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Claude McKay

Claude McKay
Usage Conditions Apply
Artist
Berenice Abbott, 17 Jul 1898 - 9 Dec 1991
Sitter
Claude McKay, 15 Sep 1889 - 22 May 1948
Date
1926
Type
Photograph
Medium
Gelatin silver print
Dimensions
Image: 16.5 × 12.3 cm (6 1/2 × 4 13/16")
Sheet: 16.5 × 12.9 cm (6 1/2 × 5 1/16")
Mat: 45.7 × 35.6 cm (18 × 14")
Topic
Interior
Costume\Dress Accessory\Scarf
Personal Attribute\Teeth
Claude McKay: Male
Claude McKay: Literature\Writer\Poet
Claude McKay: Communications\Journalist\Editor\Magazine
Claude McKay: Literature\Writer\Novelist
Portrait
Credit Line
National Portrait Gallery, Smithsonian Institution
Restrictions & Rights
Usage conditions apply
Copyright
© Berenice Abbott/Getty Images
Object number
NPG.77.266
Exhibition Label
Born Sunny Ville, Jamaica
Melding lyric poetic forms with the bitter realities of racism in Jamaica and the United States seemed an unlikely combination. But poet-novelist Claude McKay (1889–1948) made it work, and Harlem Shadows (1922), his fourth collection of poems, is regarded as a major catalyst in unleashing the cultural ferment of the Harlem Renaissance. Of the poems in Harlem Shadows, the best remembered is “If We Must Die.” First published in the socialist journal the Liberator, it was inspired by the rash of race riots across the United States in 1919, and it closes with these lines:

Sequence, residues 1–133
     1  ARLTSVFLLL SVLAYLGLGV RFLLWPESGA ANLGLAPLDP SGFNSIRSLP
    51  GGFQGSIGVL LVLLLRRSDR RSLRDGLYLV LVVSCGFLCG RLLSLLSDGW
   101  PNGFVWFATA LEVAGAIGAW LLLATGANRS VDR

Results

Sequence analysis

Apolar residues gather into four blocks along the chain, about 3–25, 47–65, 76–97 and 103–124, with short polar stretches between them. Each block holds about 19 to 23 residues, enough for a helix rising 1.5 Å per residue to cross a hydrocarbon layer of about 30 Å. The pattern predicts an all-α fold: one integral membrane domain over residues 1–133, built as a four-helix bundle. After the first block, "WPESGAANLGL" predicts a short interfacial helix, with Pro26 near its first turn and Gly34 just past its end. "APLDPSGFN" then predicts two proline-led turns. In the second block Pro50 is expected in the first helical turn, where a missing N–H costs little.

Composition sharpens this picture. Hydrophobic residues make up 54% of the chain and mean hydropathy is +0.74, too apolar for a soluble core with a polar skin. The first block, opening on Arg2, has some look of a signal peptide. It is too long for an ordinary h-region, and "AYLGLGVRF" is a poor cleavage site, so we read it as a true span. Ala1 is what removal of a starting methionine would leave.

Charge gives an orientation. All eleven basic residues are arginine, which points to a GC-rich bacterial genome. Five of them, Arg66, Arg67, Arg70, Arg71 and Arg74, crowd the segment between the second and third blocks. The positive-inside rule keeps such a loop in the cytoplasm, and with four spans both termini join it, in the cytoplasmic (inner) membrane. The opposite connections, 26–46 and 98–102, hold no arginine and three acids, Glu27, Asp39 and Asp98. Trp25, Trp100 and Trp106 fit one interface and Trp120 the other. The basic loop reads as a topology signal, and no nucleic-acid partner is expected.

Like men we’ll face the murderous cowardly pack,
Pressed to the wall, dying, but fighting back!
Those eloquently defiant words made this poem a call to action for emerging civil rights activists in the United States and for international leaders, such as Winston Churchill. Here, the U.S. photographer Berenice Abbott has portrayed the peripatetic McKay in Paris.
Nacido en Sunny Ville, Jamaica
Fundir la poesía lírica con la amarga realidad del racismo en Jamaica y Estados Unidos parecería tarea improbable, pero el poeta y novelista Claude McKay (1889–1948) la efectuó con éxito. Sombras de Harlem (1922), su cuarta colección de poemas, se considera un importante catalizador en la eclosión cultural del Renacimiento de Harlem. Entre esos poemas, el más recordado es “Si hemos de morir”, estrenado en la revista socialista The Liberator e inspirado por los numerosos disturbios raciales de 1919. Termina así:
Como hombres enfrentaremos a la jauría cobarde y asesina,
empujados contra la pared, muriendo, ¡pero luchando!
Estas palabras de elocuencia desafiante convirtieron al poema en un llamado a la acción para el naciente movimiento pro derechos civiles en EE.UU. y para líderes internacionales como Winston Churchill. La fotógrafa estadounidense Berenice Abbott retrató al inquieto viajero McKay en París.
Data Source
National Portrait Gallery